The J. Edgar Hoover Building
is in Washington, D.C.
. It is the headquarters
of the Federal Bureau of Investigation
(FBI). The building, named for former FBI director J. Edgar Hoover
, is located at 935 Pennsylvania Avenue NW
. The FBI building is not open to the public; guided tours of the building were discontinued in 1999.
Since 1908, when the Bureau was part of the Department of Justice
(as the Bureau of Investigation), the FBI had been headquartered in the Department of Justice Building
. In April 1962, Congress
approved the construction of a separate building for the FBI. The General Services Administration
allocated funding for the project, and design began. The GSA appointed Berswenger, Hoch, Arnold, and Associates for engineering, and Charles F. Murphy and Associates as an architectural firm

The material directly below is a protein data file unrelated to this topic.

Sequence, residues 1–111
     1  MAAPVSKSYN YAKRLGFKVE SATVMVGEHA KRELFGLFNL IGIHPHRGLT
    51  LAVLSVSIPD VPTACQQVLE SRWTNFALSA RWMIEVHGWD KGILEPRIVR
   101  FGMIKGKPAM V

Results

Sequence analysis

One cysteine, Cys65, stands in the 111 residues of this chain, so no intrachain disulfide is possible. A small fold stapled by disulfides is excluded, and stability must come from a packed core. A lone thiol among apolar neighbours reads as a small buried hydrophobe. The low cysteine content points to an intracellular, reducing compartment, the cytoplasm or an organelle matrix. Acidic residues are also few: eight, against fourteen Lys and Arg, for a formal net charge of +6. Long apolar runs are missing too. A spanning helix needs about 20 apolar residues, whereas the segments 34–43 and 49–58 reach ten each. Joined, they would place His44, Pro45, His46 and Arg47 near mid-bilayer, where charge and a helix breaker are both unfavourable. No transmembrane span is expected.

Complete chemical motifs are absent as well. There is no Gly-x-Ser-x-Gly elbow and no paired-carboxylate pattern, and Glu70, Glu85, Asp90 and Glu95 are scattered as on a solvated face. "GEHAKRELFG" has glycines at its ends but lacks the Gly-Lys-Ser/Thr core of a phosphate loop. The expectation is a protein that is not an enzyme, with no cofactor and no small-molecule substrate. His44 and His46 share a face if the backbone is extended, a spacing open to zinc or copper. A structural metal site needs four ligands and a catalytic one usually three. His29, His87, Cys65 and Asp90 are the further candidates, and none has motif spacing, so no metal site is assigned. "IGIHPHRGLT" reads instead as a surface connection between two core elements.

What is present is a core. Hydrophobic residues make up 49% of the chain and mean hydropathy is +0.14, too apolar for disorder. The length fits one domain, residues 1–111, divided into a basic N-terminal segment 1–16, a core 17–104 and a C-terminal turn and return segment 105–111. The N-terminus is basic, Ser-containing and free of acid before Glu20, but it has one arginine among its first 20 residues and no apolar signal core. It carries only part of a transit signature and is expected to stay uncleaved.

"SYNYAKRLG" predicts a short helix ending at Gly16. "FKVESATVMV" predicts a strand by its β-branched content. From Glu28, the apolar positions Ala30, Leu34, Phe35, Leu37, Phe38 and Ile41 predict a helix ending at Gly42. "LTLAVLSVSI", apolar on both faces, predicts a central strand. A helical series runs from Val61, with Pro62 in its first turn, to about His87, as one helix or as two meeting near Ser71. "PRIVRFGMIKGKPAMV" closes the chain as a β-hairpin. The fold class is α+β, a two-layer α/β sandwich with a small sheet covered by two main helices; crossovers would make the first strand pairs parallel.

The design was finalized in 1964, and construction began on December 6, 1967. The naming was authorized by President Richard Nixon on May 4, 1972, two days after Hoover's death.
Employees moved into the facility between June 28, 1974, and June 1977. President Gerald Ford officially dedicated the building on September 30, 1975.
The building was constructed in a Brutalist architectural style
, the entire exterior having been constructed from poured concrete. Like most Brutalist buildings, it has suffered criticism for aesthetics and functionality. Washingtonian
magazine named it one of the "Buildings I'd Tear Down," along with the Kennedy Center
performed on the front steps of the building.
According to the plans, the building contains 2,800,876 square feet (260,201 m²) of floor space for 7,090 employees.